Second, the authors then consider the evidence that has been produced about whether or not these strong theoretical predictions actually occur in the real world. The first surprising finding is how few studies have attempted to answer this question, not least in comparison to the amount of money that has been spent on interventions of this form. The second surprise was – particularly in the long-term – there is very little evidence that links jobs-programming to peace-related outcomes. While this suggests a failure to establish positive peace-related impacts of jobs programs, the research also established that jobs programs in complicated situations can perform well in their narrow economic welfare aims and don’t seem to worsen the tensions present in those situations. In other words, if the main aim of a programme is to build employment with the hope (but not expectation) that it might have external effects, they are a perfectly valid way to do things. If the aim is, more directly, to build peace, other types of programs seem more likely to perform better.

Third, based on a review of the programming of a number of major agencies, we find evidence that most programs are simply assumed to have had impacts on peace and stability. In part, this arises because of the strength of the theories uncovered in the first review, yet, again, what this really means is that there has been a failure to establish that the link exists in the real world. This suggests major limitations to knowledge within a popular and frequent approach to development and peacebuilding programming.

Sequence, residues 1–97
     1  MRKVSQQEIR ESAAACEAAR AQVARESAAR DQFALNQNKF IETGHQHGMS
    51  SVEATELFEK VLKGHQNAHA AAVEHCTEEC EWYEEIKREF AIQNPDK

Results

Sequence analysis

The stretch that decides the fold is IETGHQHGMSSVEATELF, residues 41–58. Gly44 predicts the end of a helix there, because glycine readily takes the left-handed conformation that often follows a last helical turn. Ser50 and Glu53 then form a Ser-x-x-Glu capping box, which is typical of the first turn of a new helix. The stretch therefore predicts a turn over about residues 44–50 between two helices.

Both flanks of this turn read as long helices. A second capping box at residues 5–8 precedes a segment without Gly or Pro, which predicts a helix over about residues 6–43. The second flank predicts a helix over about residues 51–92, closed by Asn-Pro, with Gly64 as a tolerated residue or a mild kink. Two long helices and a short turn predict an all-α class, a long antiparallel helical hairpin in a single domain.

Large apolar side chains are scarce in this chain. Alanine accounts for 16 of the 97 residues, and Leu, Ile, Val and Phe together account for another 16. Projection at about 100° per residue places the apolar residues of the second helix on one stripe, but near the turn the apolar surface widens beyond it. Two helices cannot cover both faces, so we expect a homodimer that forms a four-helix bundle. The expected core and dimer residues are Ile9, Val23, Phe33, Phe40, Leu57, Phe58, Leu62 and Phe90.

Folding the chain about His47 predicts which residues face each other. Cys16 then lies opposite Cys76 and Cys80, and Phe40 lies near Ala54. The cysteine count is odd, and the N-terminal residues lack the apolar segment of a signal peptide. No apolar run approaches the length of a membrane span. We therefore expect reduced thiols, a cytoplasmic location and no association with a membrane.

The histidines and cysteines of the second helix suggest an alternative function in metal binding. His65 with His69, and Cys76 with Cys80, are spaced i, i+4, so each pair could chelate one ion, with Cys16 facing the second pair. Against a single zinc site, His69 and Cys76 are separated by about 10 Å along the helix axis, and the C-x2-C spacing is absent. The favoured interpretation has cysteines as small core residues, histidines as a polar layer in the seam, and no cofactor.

It becomes challenging to justify spending on jobs for peace programs, particularly when the central aim of the intervention is to build peace rather than employment. More broadly, this asks questions of a central theme in development aid programming, which seeks to improve complicated and difficult to measure outcomes (like peace) through programs that target some intermediate (and perhaps better understood) goal (like jobs). Attempting to kill two birds with one stone, therefore, might not be the right metaphor for more than just the most obvious of reasons.

Please see the full paper here.